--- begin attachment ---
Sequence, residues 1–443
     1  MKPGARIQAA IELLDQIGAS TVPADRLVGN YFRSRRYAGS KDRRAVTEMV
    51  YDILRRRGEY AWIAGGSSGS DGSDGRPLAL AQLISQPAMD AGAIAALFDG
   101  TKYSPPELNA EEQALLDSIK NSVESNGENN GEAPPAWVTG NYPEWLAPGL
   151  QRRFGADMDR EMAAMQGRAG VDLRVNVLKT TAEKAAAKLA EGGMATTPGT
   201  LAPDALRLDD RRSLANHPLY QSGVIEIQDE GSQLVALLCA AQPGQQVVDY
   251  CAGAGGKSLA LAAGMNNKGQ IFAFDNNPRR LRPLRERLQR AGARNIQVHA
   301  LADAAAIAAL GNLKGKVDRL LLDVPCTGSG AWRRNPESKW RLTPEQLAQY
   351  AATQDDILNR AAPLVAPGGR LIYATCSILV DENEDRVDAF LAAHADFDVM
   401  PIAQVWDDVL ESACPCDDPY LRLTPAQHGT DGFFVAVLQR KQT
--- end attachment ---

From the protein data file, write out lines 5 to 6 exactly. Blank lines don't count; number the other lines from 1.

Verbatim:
   151  QRRFGADMDR EMAAMQGRAG VDLRVNVLKT TAEKAAAKLA EGGMATTPGT
   201  LAPDALRLDD RRSLANHPLY QSGVIEIQDE GSQLVALLCA AQPGQQVVDY